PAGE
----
2020 Season Preview Part 1: No Frills Football

What if you striped everything away from a football season except for a relentless gauntlet for a conference championship? Welcome to 2020.

Welcome to the 2020 football season! As of today, we are 33 days away from kickoff, and with just barely more than a month to go, it’s time to start previewing the season that we didn’t think we were going to get. Consider this first piece as a wide angle narrative preview. In the next few weeks, I’ll be diving into each side of the ball, to go along with looks at coaching, the schedule, and some predictions. Meanwhile, look for other pieces from everybody else at Write For California on anything and everything you might want to know about this unprecedented season.

Crowds. Non conference games. Tailgates. Bands (I’m assuming). Bye weeks. Cheers and jeers.

Many things considered to be a normal, if not essential, part of the college football experience will not be there this year for us west-coasters. That the 2020 season is happening at all is improbable, and may not be a particularly good idea.

Let’s be real: if a pandemic hit during most seasons of the recent past, this kind of season would be a huge bummer. When you’ve spent the last decade going a collective 54-70, it turns out that all of those extracurriculars are a really important part of keeping the experience fun. Take away the fight song and the camaraderie, and all you’re left with is mostly frustrating, aimless football.

I’m going to miss everything 2020 has taken away from the season. Not playing UCLA and USC feels wrong. Missing a visit from TCU is a shame. More than anything else, not being able to see friends and family in person in Berkeley hurts deep down inside, this year more than most.

But this year, that has been boiled down to its essence, was the season that we had been waiting for, the season with potential and hope for more than middling success. The season with the right combination of experience on offense and talent on defense. The season with the right coaches, and the right continuity, and the right schedule. The season that could be sustained without all of those non-football aspects of a Cal Football season.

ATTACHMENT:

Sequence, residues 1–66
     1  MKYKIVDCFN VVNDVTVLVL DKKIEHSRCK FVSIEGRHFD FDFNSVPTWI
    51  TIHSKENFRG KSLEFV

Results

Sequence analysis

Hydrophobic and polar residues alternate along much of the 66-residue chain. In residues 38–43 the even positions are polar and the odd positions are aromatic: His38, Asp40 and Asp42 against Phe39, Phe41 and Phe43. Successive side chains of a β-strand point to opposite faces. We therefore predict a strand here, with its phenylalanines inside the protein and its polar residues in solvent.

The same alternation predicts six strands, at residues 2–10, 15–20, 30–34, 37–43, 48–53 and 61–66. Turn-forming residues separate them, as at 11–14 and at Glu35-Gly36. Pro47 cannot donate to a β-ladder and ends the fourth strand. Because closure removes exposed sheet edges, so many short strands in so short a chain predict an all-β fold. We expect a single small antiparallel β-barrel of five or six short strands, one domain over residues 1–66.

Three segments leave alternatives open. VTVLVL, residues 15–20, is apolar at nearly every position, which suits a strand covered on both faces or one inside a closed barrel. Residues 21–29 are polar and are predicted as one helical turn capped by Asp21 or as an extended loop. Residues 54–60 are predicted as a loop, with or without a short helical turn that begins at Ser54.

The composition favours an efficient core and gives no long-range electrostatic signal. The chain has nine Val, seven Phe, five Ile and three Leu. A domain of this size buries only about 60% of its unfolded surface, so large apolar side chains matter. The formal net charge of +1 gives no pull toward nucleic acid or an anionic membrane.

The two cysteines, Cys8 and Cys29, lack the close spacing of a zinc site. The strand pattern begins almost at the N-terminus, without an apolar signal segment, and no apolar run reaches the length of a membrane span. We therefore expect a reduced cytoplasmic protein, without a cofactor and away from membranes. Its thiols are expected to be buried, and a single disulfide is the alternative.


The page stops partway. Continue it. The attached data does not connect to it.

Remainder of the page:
Now all that’s left is the football itself, and even then only the football that is necessary to determine the best in the west. Hell, throw out that game against ASU. This is what matters this year:

Oregon State
Washington State

And Cal

Six teams who have been playing each other consistently for 100 years, round robin, to determine who gets to play for a conference title.

For the first time in a long time, I can squint and imagine that Cal might be able to end the season on the top of that heap. Are the Bears the favorite? By any remotely objective analysis, no. But the favorites are vulnerable in a way that is rare.

Oregon State is getting better but still in the middle of a deep rebuild. Washington State is starting a rebuild of their own under a new coaching staff. Stanford is finally experiencing real consequences from their long, slow slide down from the college football elite. Oregon lost an entire offensive line and a 1st round quarterback, and have been the single team most decimated by early NFL entrants thanks to all the instability around this season. Washington is also replacing most of their offense, coming off a rough season by their standards, and is transitioning to a new coach.

Meanwhile the Bears are returning most of the roster that put together their best season in a decade despite a nasty spate of injuries. Are there some experience question marks on defense? Are there potential transition costs under a new OC on offense? Sure. But when everybody else has question marks, and the season has been distilled to 6 games, the opportunity the Bears have been afforded becomes clear.

You have just more than 30 days to get ready for a season of high stakes football. Every single division game is a must win in a way that has never really been the case before. If your goal is a division title (and why wouldn’t it be?) then the regular season begins with a must-win game, is filled with must-win games in the middle, and ends with a must win game on December 12 in Pullman, where the average high temperature in the last month of the year is a balmy 36 degrees.

If you like your football pure and uncut, with nothing to distract you from zone blocking, run fits, and wide receiver route trees, then this is your year. Strap in, and hold on.